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May 16, 2005 12:05 AM

Broken: Atlanta parking garage sign

Which_way_2Sean Romer writes:

An Atlanta parking garage provides information that, while perfectly accurate, is practically useless. The added information with the cashiers' schedule is easy to overlook without stopping, and even then it doesn't really help in making a decision.

Remove the "Park" sign (this is a parking garage after all), and provide two exit signs that indicate which streets you exit onto.


Whooo! I'm First!

Posted by: Bob at May 16, 2005 07:35 AM

I can make neither heads nor tails of that sign. If you're leaving,whythe heck would you care to know the hours of the cashier? Can somebody tell me why there's a cashier for the exit line? Oh, and if you pay on the way out, then why do you need a cashier coming in? Can Mr. S. Romer clarify this? it doesn't seem to make sense.

Oh, btw, there's something wrong with typing here. Instead of moving everything up a space, it deleted the letter in front of the typy line thingy. and, if you move the | to insert any characters, it does the same thing, i.e. it inserts your char. on top of the one that was there before. what's wrong with me, doctor?

Posted by: Bob at May 16, 2005 07:44 AM

The spacebar, that is. I forgot to add it.

Should read- ...Instead of the spacebar moving everything up...

Dang! it works normally again! A 3-minute glitch?!

Posted by: Bob at May 16, 2005 07:46 AM

Learn about the function of the Insert button on your keyboard ;). You probably accidentally hit Insert and put it into the "overtype mode". Hit it again and it switches back into "insert mode". Big deal :P

Posted by: FL at May 16, 2005 08:03 AM

I can't agree with the poster that these signs are broken just because they seem redundant. They don't provide false or misleading information. If you need to park, or exit, either direction is fine. And it's necessary to show which ways lead to more parking, so people don't think the arrow leads ONLY to the exit. After all, what if all the spots in the immediate vicinty are full?

Bob's little experience with the INSERT/OVERWRITE feature of modern computers in his comment is worthy of it's own discussion! I have never liked the concept of having modes---i.e. do people actually USE the caps lock key on purpose more often than they turn it on accidentally? But regardless, Bob thought this website was broken when in fact the problem he was experiencing had nothing to do with the website and was entierly contained in his own computer. Now that's a fascinating user story!

Posted by: Robby Slaughter at May 16, 2005 09:13 AM

I don't really think these signs are broken. Based on my experinece, but this is just in PA, every parking garage is different. Some you can only travel one way (i.e. you are only allowed to make left hand turns either up or down). Others you are allowed to go in any direction. The park sign is obviously telling you that you may either turn to the left or the right to park, which in PA would be a legitimate question if there were no arrows. The fact that the cashier's hours are posted is also useful. It saves the person leaving the trouble of going to the wrong cashier, not being able to get out, and then having to turn around or back up and risk and accident.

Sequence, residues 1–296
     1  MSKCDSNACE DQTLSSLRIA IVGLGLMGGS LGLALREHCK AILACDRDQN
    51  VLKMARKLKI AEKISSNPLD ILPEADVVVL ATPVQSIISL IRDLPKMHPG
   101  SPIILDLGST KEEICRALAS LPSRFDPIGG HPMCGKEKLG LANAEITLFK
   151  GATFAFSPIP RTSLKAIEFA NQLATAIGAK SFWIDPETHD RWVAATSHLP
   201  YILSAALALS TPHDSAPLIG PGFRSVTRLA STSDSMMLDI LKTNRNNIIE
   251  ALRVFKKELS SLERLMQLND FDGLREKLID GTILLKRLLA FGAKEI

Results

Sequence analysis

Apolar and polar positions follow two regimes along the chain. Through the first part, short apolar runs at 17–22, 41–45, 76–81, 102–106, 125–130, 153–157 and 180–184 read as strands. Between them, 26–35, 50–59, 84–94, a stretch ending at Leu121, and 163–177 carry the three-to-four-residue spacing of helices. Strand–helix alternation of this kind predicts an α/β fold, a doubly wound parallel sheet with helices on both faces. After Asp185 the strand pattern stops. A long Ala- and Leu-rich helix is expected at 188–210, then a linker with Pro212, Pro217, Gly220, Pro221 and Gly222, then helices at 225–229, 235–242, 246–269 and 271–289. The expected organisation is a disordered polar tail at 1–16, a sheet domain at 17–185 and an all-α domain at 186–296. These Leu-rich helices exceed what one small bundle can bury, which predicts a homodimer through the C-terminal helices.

Posted by: Chaos at May 16, 2005 10:07 AM

What's broken about the sign is the chaotic and confusing layout. The last thing someone needs in tight quarters with little light and non-standardized driving mores (like Chaos mentioned, in some garages you aren't allowed to make certain turns) is a confusing sign. It should be laid out more like this:

Only, you know, not ugly ASCII art ;)

Posted by: brian w at May 16, 2005 11:32 AM

Looks like TypePad ate my bracket arrows, so I'll try again with curly brackets. Pretend they're arrowheads!

{- PARK -}

{- EXIT (3pm-7pm only) EXIT (24 hours) -}

Posted by: brian w at May 16, 2005 11:34 AM

Although the signage could be a bit better, it isn't really all that bad. Parking garages are usually a maze unto themselves, and it isn't always obvious which way to go for additional parking especially in multi-story facilities. As such, signage indicating directions for parking are needed.

As for teh cashier times, perhaps it could be a little clearer, but sign does a reasonable job as is.

Posted by: Carlos Gomez at May 16, 2005 11:39 AM

Chaos and Carlos, I agree totally with your points, it seems like when I read either one of your comments, I had similar thoughts on the matter. >95%. It could just be that I'm used to the complexities of PA traffic signage.

Brian W your sign is a little more straight forward, and is probably the better choice, but I suspect that the cashier signage was added after the fact to save money, since it looks like the words overlap some of the words above it.